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Recount Completed in Miami-Dade CountyAired February 26, 2001 - 1:32 p.m. ET
THIS IS A RUSH TRANSCRIPT. THIS COPY MAY NOT BE IN ITS FINAL FORM AND MAY BE UPDATED.
NATALIE ALLEN, CNN ANCHOR: Now back to Election 2000. We have to take you back there because they're trying to figure out how to not let what happened happen again. "The Miami Herald" has completed its own recount of the undervote in Miami-Dade County. Those are ballots where no vote for president was picked up by a machine.
"The Herald" found that even had the official recount proceeded, it wouldn't have made a difference to Al Gore. That news comes as a special state task force releases its recommendations for smoother elections in years to come, and CNN's Susan Candiotti joins us now from Gainesville with that -- Susan.
SUSAN CANDIOTTI, CNN CORRESPONDENT: Hello, Natalie. Yes, the Election 2000 is over. But not really in the hearts of Floridians, it seems. The recount of more than 10,000 undervotes in Miami-Dade County reveals a net gain of 49 additional votes for then-Vice President Gore, which would not have been enough for him to beat then- Governor George Bush.
Miami-Dade County, you might recall, was one of four counties initially challenged by Vice President Gore before the Florida Supreme Court ordered a statewide recount of all undervotes, a process that was then stopped by the U.S. Supreme Court.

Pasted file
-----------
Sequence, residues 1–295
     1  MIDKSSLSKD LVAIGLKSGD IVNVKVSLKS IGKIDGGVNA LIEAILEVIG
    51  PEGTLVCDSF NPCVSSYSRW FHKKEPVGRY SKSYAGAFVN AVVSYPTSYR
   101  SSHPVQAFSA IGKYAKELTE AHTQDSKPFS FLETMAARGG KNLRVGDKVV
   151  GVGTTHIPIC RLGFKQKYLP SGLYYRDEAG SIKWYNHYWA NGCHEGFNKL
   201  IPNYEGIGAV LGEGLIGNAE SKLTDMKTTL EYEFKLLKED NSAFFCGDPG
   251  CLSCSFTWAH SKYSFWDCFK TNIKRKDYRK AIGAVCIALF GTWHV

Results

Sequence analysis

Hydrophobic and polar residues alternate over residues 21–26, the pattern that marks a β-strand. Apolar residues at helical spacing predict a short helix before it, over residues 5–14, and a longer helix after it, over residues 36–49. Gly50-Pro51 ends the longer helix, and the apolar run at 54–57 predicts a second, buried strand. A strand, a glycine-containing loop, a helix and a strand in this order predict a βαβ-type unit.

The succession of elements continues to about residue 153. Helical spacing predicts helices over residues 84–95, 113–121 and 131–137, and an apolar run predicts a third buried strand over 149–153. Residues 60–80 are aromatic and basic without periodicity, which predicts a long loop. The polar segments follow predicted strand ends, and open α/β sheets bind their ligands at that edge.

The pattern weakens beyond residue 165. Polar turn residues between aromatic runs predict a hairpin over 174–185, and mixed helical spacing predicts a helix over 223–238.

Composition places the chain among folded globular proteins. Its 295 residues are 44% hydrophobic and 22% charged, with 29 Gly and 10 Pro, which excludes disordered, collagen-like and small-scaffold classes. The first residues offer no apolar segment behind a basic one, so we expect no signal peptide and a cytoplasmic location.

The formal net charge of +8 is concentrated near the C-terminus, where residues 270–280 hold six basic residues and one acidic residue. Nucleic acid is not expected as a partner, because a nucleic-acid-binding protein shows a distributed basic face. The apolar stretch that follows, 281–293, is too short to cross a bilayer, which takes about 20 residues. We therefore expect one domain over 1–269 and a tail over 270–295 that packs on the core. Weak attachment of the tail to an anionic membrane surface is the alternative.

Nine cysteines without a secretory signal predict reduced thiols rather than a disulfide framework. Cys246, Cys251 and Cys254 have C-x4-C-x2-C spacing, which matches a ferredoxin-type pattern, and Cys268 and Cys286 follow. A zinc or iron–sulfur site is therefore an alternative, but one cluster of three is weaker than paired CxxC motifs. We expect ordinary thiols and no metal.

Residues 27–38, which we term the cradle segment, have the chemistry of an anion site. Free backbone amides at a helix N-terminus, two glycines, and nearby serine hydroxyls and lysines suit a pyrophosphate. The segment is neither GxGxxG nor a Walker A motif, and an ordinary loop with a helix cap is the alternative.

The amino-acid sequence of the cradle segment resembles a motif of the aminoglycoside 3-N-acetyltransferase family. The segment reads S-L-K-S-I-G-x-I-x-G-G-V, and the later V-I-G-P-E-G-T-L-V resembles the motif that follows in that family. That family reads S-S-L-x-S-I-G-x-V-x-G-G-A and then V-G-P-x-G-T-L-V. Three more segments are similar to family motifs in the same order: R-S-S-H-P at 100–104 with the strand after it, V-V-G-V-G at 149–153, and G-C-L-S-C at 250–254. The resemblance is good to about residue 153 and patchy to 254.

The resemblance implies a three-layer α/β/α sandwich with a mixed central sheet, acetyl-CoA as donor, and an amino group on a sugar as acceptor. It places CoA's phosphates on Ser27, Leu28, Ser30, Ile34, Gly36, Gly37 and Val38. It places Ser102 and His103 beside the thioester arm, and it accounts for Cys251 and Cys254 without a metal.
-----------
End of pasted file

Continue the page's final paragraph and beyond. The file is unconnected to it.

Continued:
So, here are the numbers for those four counties. First of all, Volusia County, 98 for Gore more; Broward, 567; Palm Beach, 174; and Miami-Dade County an additional 49. In the words of "The Miami Herald," quote: Even with these added votes for Gore, Bush would have been the victor by 140 votes."
Now, "The Miami Herald" says while the Bush camp might be happy about those findings, the newspaper indicated that it's not through with its recount process, yet, and that the votes might swing in Vice President Gore's direction in the weeks to come. Now, of course, none of this has a bearing on the outcome of the presidential election, but does provide additional material for those interested in reviewing the process.
And "The Miami Herald"'s chief editorial writer, who attended an election panel today here at the University of Florida, says that the election review proves that voters themselves must share the blame for a chaotic election.
(BEGIN VIDEO CLIP) TOM FIEDLER, "THE MIAMI HERALD": People went into the polls in many cases intending to cast a ballot for one or the other, in most cases for Vice President Gore and for whatever reason, they spoiled the ballot. And ultimately this was a human failure. And I think if there is a lesson that candidates need to take away from this and the one that perhaps Vice President Gore will regret is that there wasn't sufficient preparation or instructions for people who were going to cast ballots for him.
(END VIDEO CLIP)
CANDIOTTI: Also today, Florida Governor Jeb Bush's election task force is finalizing its recommendations to the Florida legislature. Among its findings, calling for better and much-improved voter education as well as suggesting the adoption of a uniform statewide ballot-counting process by the time those statewide elections roll around in 2002, which happens to be when Florida Governor Jeb Bush is up for reelection.
Natalie, back to you.
ALLEN: And so can we assume punch cards are gone from elections in Florida?
CANDIOTTI: They're gone for sure. The legislature has said so. The governor has said so and now this task force agrees.
ALLEN: OK, good-bye pregnant chads. Thank you, Susan Candiotti in Gainesville.
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